In the PLOS ONE study, the MIT team set out to demonstrate the feasibility of their approach, which involves growing plants under different sets of conditions in hydroponic containers that they call "food computers." This setup allowed them to vary the light duration and the duration of exposure to ultraviolet light. Once the plants were full-grown, the researchers evaluated the taste of the basil by measuring the concentration of volatile compounds found in the leaves, using traditional analytical chemistry techniques such as gas chromatography and mass spectrometry. These molecules include valuable nutrients and antioxidants, so enhancing flavor can also offer health benefits.
All of the information from the plant experiments was then fed into machine-learning algorithms that the MIT and Cognizant (formerly Sentient Technologies) teams developed. The algorithms evaluated millions of possible combinations of light and UV duration, and generated sets of conditions that would maximize flavor, including the 24-hour daylight regime.
Basil plants grown under controlled environmental conditions, including lighting. Credit: Melanie Gonick
Moving beyond flavor, the researchers are now working on developing basil plants with higher levels of compounds that could help to combat diseases such as diabetes. Basil and other plants are known to contain compounds that help control blood sugar, and in previous work, de la Parra has shown that these compounds can be boosted by varying environmental conditions.
The researchers are now studying the effects of tuning other environmental variables such as temperature, humidity, and the color of light, as well as the effects of adding plant hormones or nutrients. In one study, they are exposing plants to chitosan, a polymer found in insect shells, which makes the plant produce different chemical compounds to ward off the insect attack.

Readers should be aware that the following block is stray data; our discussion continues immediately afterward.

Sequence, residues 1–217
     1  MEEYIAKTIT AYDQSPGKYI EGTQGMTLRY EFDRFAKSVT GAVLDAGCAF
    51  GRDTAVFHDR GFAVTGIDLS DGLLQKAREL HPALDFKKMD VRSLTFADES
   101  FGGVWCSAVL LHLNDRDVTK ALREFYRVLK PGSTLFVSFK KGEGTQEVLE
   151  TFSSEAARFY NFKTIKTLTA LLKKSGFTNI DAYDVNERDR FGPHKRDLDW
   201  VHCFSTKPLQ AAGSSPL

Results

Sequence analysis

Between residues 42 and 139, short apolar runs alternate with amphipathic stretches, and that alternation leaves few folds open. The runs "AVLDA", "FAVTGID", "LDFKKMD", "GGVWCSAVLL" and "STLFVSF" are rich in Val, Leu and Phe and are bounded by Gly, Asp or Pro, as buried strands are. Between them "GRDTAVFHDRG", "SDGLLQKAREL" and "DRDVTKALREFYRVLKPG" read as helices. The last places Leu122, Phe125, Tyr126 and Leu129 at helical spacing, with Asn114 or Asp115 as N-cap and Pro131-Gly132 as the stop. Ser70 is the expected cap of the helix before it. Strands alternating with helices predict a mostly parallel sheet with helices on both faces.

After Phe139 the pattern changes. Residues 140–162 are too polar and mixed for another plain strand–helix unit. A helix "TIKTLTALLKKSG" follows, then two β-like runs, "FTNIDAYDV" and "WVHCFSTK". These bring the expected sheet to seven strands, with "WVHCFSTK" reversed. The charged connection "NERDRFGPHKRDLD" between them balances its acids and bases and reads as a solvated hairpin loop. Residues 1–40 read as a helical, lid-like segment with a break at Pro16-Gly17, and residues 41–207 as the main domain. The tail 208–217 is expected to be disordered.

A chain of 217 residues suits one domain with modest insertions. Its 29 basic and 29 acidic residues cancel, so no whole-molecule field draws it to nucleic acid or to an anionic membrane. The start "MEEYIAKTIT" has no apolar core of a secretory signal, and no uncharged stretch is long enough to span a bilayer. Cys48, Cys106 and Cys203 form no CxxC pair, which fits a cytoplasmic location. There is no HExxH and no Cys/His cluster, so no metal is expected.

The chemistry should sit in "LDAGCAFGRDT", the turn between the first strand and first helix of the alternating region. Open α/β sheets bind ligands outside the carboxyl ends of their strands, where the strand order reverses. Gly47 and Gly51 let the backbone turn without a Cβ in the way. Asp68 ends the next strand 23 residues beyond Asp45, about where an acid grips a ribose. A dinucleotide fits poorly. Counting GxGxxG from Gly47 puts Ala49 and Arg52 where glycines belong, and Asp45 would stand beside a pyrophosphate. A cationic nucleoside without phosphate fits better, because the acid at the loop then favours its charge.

They are also interested in using their approach to increase yields of medicinal plants such as the Madagascar periwinkle, which is the only source of the anticancer compounds vincristine and vinblastine.
"You can see this paper as the opening shot for many different things that can be applied, and it's an exhibition of the power of the tools that we've built so far," de la Parra says. "This was the archetype for what we can now do on a bigger scale."
This approach offers an alternative to genetic modification of crops, a technique that not everyone is comfortable with, says Albert-László Barabási, a professor of network science at Northeastern University.
"This paper uses modern ideas in digital agriculture to systematically alter the chemical composition of the plants we eat by changing the environmental conditions in which the plants are grown. It shows that we can use machine learning and well-controlled conditions to find the sweet spots, that is, the conditions under which the plan maximizes taste and yield," says Barabási, who was not involved in the study.
Another important application for cyber agriculture, the researchers say, is adaptation to climate change. While it usually takes years or decades to study how different conditions will affect crops, in a controlled agricultural environment, many experiments can be done in a short period of time.
"When you grow things in a field, you have to rely on the weather and other factors to cooperate, and you have to wait for the next growing season," de la Parra says. "With systems like ours, we can vastly increase the amount of knowledge that can be gained much more quickly."
The OpenAg team is currently performing one such study on hazelnut trees for candy manufacturer Ferrero, which consumes about 25 percent of the world's hazelnuts.
As part of their educational mission, the researchers have also developed small "personal food computers" — boxes that can be used to grow plants under controlled conditions and send data back to the MIT team. These are now used by many high school and middle school students in the United States, among a network of diverse users spread across 65 countries, who can share their ideas and results via an online forum.
"For us, each box is a point of data which we're very interested in getting, but it's also a platform of experimentation for teaching environmental science, coding, chemistry, and math in a new way," Harper says.